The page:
New York, NY (March 13, 2014) – The 2014 Winter Olympics may be over, but skiing and snowboarding remain top of mind for winter sports enthusiasts around the world. US Alpine Skier and Two-Time Olympic Gold Medalist Ted Ligety reminds us how important it is to practice sun safety year-round, even during the winter months. Despite cold temperatures, clouds and dreary weather, winter sports lovers are still at risk for sun damage and skin cancer.
Snow reflects up to 80 percent of the sun’s ultraviolet (UV) rays. Subsequently, you are often hit by the same rays twice. Additionally, up to 80 percent of UV rays burn right through the clouds. Skiers and snowboarders are at an even greater risk, as their sports take place at a higher altitude, where the thinner atmosphere absorbs less UV radiation. Sun exposure increases four to five percent with every 1,000 feet above sea level.
"During winter months most people think about frostbite and windburn, often forgetting that UV rays are just as dangerous in the cold and on the slopes," said Two-Time Olympic Gold Medalist Alpine Skier Ted Ligety. "When I’m outdoors, I make sure to practice proper sun protection, including wearing a broad spectrum sunscreen and UV-blocking shades.”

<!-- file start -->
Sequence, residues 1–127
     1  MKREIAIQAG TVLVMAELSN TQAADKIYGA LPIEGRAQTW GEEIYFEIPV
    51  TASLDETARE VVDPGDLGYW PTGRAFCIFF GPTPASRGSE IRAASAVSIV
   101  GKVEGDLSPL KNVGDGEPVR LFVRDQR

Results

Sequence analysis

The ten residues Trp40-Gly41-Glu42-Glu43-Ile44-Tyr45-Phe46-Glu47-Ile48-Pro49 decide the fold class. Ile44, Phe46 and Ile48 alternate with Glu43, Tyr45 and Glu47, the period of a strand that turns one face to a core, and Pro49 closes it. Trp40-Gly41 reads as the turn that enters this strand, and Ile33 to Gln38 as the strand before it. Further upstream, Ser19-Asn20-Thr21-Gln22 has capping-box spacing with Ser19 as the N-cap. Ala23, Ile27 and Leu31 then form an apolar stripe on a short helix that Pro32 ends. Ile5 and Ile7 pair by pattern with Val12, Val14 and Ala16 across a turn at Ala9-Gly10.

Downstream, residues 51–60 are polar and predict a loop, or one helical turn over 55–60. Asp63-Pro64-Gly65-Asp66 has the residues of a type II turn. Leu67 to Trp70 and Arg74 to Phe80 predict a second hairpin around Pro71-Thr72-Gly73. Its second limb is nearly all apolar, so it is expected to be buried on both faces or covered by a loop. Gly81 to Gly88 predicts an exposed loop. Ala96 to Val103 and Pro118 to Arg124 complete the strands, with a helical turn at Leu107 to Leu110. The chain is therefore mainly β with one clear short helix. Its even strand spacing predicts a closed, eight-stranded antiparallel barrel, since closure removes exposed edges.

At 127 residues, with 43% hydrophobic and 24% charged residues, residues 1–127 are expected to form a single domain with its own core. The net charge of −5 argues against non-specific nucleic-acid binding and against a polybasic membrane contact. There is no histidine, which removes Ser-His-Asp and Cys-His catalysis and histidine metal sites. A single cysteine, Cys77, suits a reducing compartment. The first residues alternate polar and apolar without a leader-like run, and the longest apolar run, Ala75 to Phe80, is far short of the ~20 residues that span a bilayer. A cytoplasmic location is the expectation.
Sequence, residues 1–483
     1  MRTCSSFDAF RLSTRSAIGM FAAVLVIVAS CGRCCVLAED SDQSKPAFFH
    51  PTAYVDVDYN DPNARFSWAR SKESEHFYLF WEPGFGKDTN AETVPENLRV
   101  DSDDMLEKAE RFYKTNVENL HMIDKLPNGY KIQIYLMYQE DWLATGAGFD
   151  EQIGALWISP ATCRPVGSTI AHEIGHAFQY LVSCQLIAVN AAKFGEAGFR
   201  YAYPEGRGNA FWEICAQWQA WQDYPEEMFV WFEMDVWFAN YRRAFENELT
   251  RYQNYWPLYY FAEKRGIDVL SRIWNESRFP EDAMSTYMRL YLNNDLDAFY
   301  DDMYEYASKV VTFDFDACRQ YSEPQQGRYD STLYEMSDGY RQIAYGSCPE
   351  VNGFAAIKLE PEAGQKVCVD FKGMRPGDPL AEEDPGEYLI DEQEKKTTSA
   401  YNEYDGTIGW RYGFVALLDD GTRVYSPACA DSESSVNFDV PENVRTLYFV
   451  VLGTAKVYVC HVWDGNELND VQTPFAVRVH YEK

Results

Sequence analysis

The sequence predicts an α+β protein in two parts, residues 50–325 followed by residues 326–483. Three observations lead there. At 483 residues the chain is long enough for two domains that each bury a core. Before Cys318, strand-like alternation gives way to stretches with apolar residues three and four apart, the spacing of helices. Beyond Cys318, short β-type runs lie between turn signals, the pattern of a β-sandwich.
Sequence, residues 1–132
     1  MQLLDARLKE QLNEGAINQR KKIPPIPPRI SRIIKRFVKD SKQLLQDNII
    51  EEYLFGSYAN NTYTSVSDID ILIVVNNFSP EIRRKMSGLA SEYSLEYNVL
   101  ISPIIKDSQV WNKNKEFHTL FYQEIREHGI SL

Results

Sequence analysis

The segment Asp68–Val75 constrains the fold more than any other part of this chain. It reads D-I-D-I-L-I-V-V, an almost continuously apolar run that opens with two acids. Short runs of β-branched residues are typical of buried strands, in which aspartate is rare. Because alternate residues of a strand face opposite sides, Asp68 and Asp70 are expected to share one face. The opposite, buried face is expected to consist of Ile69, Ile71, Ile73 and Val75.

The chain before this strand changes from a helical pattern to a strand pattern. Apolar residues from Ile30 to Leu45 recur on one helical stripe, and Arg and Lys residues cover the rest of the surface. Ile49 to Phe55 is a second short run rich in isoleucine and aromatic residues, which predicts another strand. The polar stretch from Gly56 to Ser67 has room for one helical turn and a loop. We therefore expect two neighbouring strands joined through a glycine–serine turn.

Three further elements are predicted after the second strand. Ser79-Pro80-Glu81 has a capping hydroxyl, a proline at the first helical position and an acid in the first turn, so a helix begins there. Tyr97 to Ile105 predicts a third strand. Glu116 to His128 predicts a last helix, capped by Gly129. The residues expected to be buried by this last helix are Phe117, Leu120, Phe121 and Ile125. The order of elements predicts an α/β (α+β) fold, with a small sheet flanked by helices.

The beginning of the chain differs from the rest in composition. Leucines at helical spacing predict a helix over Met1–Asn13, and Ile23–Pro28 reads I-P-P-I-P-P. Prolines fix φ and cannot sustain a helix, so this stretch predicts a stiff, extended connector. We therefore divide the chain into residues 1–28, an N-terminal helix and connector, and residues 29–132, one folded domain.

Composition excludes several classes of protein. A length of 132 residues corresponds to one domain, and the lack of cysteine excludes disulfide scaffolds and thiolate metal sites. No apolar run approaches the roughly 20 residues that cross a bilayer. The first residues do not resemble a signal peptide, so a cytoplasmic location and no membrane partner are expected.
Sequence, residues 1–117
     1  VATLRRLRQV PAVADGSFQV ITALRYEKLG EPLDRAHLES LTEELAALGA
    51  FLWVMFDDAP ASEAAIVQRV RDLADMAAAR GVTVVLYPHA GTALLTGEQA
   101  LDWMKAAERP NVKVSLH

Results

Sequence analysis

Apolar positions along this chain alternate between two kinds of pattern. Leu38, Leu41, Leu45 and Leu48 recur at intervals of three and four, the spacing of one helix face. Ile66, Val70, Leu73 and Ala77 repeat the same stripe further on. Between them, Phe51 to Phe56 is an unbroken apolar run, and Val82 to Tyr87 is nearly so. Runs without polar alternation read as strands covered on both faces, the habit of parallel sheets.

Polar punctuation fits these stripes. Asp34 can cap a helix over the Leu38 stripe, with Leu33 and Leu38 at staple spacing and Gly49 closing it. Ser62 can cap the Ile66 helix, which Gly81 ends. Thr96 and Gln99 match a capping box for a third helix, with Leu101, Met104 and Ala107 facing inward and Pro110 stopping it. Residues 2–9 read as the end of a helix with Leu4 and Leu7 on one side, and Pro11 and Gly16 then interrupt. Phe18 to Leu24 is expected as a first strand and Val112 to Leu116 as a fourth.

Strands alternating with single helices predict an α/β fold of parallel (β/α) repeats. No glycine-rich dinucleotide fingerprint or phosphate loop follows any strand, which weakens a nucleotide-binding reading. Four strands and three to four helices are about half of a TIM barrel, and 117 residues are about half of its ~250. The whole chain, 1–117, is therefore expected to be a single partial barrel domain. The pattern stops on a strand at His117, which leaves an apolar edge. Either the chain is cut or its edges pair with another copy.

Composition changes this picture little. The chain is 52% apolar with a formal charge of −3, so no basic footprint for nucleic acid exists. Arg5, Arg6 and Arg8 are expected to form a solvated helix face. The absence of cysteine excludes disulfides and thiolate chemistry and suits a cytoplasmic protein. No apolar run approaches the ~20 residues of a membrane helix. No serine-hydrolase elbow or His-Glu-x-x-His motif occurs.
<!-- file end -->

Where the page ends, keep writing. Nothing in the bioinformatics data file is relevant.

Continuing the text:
Skin cancer is the most common cancer in the US, and more than 90 percent of all skin cancers are associated with sun exposure. It is also highly preventable—adopting a complete sun protection regimen can drastically reduce the risk.
The Skin Cancer Foundation and U.S. Olympian Ted Ligety recommend these tips to protect your skin while outdoors this winter:
- Use a broad-spectrum (UBA/UVB) sunscreen with an SPF of 30 or higher whenever you spend extended time outdoors, and reapply every two hours to all exposed areas. A nickel-sized amount provides adequate protection for the face.
- Don’t forget to cover often-missed spots: the lips, ears, around the eyes, and on the neck, the underside of chin, scalp and hands.
- Use a moisturizing sunscreen with ingredients like lanolin or glycerin. Winter conditions can be particularly harsh on the skin.
- Protect your lips by wearing a lip balm with an SPF 30 or higher.
- Cover up with clothing. Wear items like ski masks, which will leave very little skin exposed to the wind and sun. Look for sunglasses or goggles that offer 99 percent or greater UV protection and have wraparound or large frames, which will protect your eyes, eyelids and the sensitive skin around your eyes— all common sites for skin cancers and sun-induced aging.
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Carla Barry-Austin (212-725-5641; email@example.com)
Emily Prager (212-725-5176; firstname.lastname@example.org)
About The Skin Cancer Foundation
The Skin Cancer Foundation is the only global organization solely devoted to the prevention, early detection and treatment of skin cancer. The mission of the Foundation is to decrease the incidence of skin cancer through public and professional education and research. Since its inception in 1979, the Foundation has recommended following a complete sun protection regimen that includes seeking shade and covering up with clothing, including a wide-brimmed hat and UV-blocking sunglasses, in addition to daily sunscreen use. For more information, visit SkinCancer.org.